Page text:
Home Arts + Entertainment We Didn’t Start the Fyre… or Did We?

We Didn’t Start the Fyre… or Did We?

This week, both Hulu and Netflix released documentaries on the massively failed Fyre Festival.

Both documentaries offered different perspectives on what happened and who was responsible. Of course, both point the finger at Billy McFarland, the so-called “entrepreneur” who had the grand idea in the first place. I felt the Netflix doc gave a greater perspective on just how many people had their lives ruined by McFarland, while the Hulu doc showed more on just how McFarland and crew effectively silenced anyone who questioned them or the festival. Both documentaries pointed out the numerous red flags that went up and were completely ignored. Both also described the Lord of the Flies atmosphere that quickly descended on the camp. To call it a dumpster fire would be a gross understatement.

So, what happened? Why wasn’t Fyre Festival the new Woodstock or Coachella, as it was promised to be?

What Went Wrong

The Fyre Festival fiasco, I believe, is a reflection of what our culture has become. We have become a culture of narcissists obsessed with instant gratification. I’m not only referring to the attendees but to the organizers as well. The organizers over-promised, over-sold, and over-hyped their festival to the point where they were actively silencing anyone who dared to question or criticize it. How can Coachella get away with promising such big acts? Because they sign contracts and honor their agreements. They don’t walk into negotiations with $5 in their pockets and promise to pay $5 million later. Although Coachella’s line-up has changed drastically from what it used to be, It still reflects acts that festival-goers know will actually be there.

It’s No Woodstock

The Fyre Festival and Woodstock are comparable in many ways. Both festivals were started as money-making ventures which failed miserably. Woodstock was never intended to be a free concert. Only after thousands more people showed up than the organizers expected or planned for and began breaking down the fences did they decide to make it a free concert. According to History.com, Woodstock spent $3.1 million on the festival but only took in $1.8 million. It was only thanks to the subsequent feature film and soundtrack that they were finally able to pay off their debts in the early 1980s.

Fyre, on the other hand, began hemorrhaging money from the start. They overpromised, overbooked, then over-scammed. They needed to start hustle after hustle to pay for the last hustle. The one thing I never thought I’d hear in my life was that a man was ordered by his boss to perform fellatio on another man for water, and he was actually going to do it.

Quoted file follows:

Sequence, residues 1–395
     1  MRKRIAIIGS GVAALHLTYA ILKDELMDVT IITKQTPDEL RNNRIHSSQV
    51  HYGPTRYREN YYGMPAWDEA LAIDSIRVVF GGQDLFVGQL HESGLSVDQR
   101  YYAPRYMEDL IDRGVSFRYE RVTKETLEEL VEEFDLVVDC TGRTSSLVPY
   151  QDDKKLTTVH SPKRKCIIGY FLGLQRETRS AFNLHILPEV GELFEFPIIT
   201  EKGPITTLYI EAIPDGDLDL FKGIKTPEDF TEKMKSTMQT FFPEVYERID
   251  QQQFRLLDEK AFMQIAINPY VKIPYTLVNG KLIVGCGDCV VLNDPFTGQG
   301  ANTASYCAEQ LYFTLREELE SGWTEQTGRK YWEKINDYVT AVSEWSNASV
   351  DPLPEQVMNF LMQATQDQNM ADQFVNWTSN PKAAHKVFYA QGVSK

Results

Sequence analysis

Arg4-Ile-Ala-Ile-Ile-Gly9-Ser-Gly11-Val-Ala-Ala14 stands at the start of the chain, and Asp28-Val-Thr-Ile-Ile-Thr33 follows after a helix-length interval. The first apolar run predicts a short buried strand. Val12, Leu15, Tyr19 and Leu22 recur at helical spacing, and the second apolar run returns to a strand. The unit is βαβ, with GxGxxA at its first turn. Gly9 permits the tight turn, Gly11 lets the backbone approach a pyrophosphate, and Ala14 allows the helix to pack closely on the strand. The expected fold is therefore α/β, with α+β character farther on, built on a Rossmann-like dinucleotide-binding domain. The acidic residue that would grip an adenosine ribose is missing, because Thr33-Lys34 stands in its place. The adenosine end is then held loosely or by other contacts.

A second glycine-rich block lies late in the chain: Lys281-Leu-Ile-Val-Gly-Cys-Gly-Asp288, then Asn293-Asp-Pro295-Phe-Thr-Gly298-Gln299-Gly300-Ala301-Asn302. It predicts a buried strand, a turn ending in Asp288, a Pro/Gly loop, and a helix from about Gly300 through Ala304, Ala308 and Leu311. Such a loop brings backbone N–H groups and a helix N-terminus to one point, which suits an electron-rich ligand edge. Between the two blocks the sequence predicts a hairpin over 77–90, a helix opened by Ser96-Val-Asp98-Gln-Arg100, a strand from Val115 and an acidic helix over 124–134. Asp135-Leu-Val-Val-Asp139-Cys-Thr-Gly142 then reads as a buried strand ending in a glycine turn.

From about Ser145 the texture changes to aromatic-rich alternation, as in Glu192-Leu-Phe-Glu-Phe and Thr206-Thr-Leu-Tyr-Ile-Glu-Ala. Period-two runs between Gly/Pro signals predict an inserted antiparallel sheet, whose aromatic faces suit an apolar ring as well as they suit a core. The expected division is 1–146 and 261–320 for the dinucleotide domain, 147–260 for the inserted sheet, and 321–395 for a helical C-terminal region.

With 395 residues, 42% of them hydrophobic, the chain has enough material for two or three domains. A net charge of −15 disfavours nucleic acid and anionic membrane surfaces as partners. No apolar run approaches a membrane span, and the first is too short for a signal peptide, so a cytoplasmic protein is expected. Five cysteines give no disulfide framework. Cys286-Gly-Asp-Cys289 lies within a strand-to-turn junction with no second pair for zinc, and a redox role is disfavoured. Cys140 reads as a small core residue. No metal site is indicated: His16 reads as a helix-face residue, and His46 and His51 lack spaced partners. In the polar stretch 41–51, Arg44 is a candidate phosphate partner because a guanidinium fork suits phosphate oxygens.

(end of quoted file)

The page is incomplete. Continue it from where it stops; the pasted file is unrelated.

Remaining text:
Let that sink in for a minute. A man was told by his boss to blow another man for water. The Fyre organizers didn’t have enough money to pay for the customs check in the Bahamas, so they pimped out one of their own people.

For water.

I cannot begin to wrap my mind around what happened at the campsite. Not only were festival-goers hoarding basic supplies like toilet paper, they were actively sabotaging others’ tents. At Woodstock, when it rained, they took care of each other. Everyone pitched in where they could and helped each other. Even though the community wasn’t happy about the concert, they went above and beyond to make sure the concert-goers were OK. At Fyre, it was every person for themselves. There was no sense of community or empathy. It was humanity at its basest instincts. Everyone was out for their own self-interests.

I’ve never been more ashamed to be a human being in my life.

Hulu vs Netflix

Perhaps the execs at Hulu got a touch of Stockholm Syndrome from their time with McFadden when they decided to release their documentary suddenly and without warning several days before Netflix.

And we fall for it. Every. Damned. Time.

We can’t look away from the train wreck. We can’t wait to see what’s going to happen next.

What saddens me most is that Fyre Festival wasn’t a bad idea at the start. Had they gone about it the right way, they could have pulled it off. Large scale festivals, like Coachella and Burning Man, have been going for years. San Diego Comic-Con has brought the biggest names in the entertainment industry to one place consistently for decades and has grown larger each year. If the organizers at Fyre had been patient and done their jobs the right way, they would have pulled off a show as epic as any I’ve mentioned here. Instead, all they cared about were themselves and their own self-interests. They don’t care who got screwed over; they just want to get paid.

A society of instant self-gratifying narcissists got slapped in the face by the real world, and they couldn’t handle it.